What does a Basic Skills Tutor do?
Skills for Life tutors, also known as basic skills teachers, use a variety of teaching methods to help adult learners improve their skills in reading, writing, spelling, maths and, sometimes, information technology. They work with adults that have not reached the national standard for literacy and numeracy, which is usually considered to be a level 2 qualification, eg GCSE A* to C or equivalent. They may also work with adults that have specific learning difficulties, social barriers to learning, disabilities or English as second or foreign language. Tutors are usually qualified to teach either:
- literacy, or
- English to Speakers of Other Languages (ESOL).
However, some tutors may teach more than one subject if they are suitably trained. They could also teach financial literacy and life skills.
Tutors can teach people with a range of abilities and will need to plan group and individual activities to reflect this. Their role will depend on the environment in which they teach, eg further education college, community centre, learning centre, workplace or prison.
Tutors day-to-day activities include:
- planning and preparing teaching materials and programmes
- assessing learners’ skills and discussing goals
- creating an Individual Learning Plan
- using resources for practical excercises, eg worksheets or computer packages
- using techniques to manage the learning process
- providing learners with ongoing support
- monitoring and assessing students’ work
- keeping records of learners’ progress and providing encouragement
- keeping up-to-date with professional issues and attending meetings.
Qualified Skills for Life tutors may work alongside skills mentors, support workers and volunteers that provide extra classroom support under their supervision, eg giving one-to-one support to a student with a disability.
What's the working environment like working as a Basic Skills Tutor?
Skills for life tutors can work in full-time, fractional or part-time positions. Tutors in fractional posts work on a permanent contract for a fraction of the week. Part-time tutors may only have a temporary contract. Full-time tutors are likely to work up to 37 hours a week, with around 25 hours spent teaching. Evening work is common.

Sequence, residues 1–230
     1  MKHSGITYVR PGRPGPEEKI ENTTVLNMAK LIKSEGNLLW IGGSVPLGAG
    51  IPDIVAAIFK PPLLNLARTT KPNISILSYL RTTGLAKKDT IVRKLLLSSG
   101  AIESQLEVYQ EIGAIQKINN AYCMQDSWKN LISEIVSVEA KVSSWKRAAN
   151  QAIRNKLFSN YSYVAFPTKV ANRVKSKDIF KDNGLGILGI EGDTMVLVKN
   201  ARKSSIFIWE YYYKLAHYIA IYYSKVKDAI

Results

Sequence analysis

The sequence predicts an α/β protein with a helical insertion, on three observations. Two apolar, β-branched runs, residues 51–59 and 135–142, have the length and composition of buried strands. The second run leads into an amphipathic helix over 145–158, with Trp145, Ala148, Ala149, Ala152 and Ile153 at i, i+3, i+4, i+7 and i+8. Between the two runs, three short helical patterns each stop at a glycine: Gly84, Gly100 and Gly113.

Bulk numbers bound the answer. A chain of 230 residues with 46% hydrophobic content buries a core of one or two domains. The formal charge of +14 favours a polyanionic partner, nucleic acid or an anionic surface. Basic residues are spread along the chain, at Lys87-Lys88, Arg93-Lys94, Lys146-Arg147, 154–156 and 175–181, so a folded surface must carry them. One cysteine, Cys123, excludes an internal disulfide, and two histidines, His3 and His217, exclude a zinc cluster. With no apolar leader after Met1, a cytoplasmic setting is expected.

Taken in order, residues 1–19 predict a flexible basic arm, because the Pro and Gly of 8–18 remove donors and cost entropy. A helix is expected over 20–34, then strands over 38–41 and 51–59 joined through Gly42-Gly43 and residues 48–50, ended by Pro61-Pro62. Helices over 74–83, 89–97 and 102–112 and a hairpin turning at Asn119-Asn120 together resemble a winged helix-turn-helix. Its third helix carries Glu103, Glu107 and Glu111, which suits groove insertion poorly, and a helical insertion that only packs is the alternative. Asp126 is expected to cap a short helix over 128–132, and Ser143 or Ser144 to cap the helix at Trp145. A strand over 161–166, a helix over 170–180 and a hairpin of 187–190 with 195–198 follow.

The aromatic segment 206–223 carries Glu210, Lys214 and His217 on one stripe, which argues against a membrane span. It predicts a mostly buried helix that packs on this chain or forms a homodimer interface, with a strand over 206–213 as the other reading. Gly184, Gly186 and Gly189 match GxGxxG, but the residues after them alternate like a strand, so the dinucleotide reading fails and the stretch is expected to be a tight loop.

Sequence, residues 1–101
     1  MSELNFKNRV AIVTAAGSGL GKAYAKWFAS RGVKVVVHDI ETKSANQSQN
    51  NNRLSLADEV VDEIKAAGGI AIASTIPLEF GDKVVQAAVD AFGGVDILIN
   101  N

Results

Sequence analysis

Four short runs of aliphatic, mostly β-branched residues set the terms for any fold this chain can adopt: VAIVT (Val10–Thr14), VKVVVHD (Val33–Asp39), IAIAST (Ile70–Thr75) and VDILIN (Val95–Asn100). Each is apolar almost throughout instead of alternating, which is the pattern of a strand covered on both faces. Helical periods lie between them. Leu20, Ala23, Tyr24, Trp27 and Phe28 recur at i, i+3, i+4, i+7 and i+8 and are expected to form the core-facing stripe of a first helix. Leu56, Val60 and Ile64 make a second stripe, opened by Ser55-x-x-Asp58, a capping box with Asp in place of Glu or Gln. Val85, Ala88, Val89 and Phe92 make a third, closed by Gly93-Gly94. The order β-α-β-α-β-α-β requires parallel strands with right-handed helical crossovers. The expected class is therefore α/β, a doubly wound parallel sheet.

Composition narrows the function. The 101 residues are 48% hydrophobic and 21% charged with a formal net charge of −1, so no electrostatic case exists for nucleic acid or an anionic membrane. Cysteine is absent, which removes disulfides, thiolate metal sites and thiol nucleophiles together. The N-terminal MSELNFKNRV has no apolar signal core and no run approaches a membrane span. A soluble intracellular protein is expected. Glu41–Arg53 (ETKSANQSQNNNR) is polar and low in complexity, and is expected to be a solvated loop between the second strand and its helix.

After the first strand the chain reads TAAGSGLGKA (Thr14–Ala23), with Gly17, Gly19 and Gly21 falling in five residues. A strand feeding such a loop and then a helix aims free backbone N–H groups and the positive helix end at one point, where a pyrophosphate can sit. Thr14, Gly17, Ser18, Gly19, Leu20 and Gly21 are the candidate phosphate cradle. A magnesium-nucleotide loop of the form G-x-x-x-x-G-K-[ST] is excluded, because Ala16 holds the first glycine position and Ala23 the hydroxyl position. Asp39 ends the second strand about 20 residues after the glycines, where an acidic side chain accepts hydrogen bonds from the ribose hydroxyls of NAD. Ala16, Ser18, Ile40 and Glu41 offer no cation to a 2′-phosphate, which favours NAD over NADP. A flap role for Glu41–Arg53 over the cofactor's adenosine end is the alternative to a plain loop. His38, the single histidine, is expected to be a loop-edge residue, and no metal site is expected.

Tutors could teach stand alone courses or the Key Skills portion of a vocational training course. These courses may be delivered part-time, full-time or through self study, which can affect the teachers’ hours of work.
Skills for Life tutors usually work indoors in college classrooms but, with the increase in outreach and community-based classes, they may also teach in community centres, schools, libraries, prisons, or learners' homes.
What does it take to become a Basic Skills Tutor?
To be a Skills for Life tutor you should:
- have an excellent understanding of English (spoken and written) and/or maths
- have the ability to share that knowledge through teaching
- be approachable and personable with a wide range of students
- have the confidence to lead group work
- be enthusiastic and able to motivate students
- be well organised, with good planning and preparation skills
- be able to express yourself clearly, both in speech and writing
- take an interest in the welfare of others
- be committed to promoting equal opportunities
- be IT literate
- be capable of reflecting on your own performance
- have patience, tact and a sense of humour.
Basic Skills Tutor Career Opportunities
Skills for Life tutors and support workers can work in colleges, adult education centres, community centres, voluntary organisations, prisons, private training providers, and work-based training organisations.
There is a growing demand for basic skills tutors, since new initiatives to improve adult literacy and numeracy are constantly being developed. You can get information on the latest programmes and volunteer schemes from the Basic Skills Agency (England and Wales) and other government agency websites listed below.
With experience, basic skills tutors could move into management, or adult education strategy and development posts. Those working in colleges could be promoted to senior lecturer or head of department.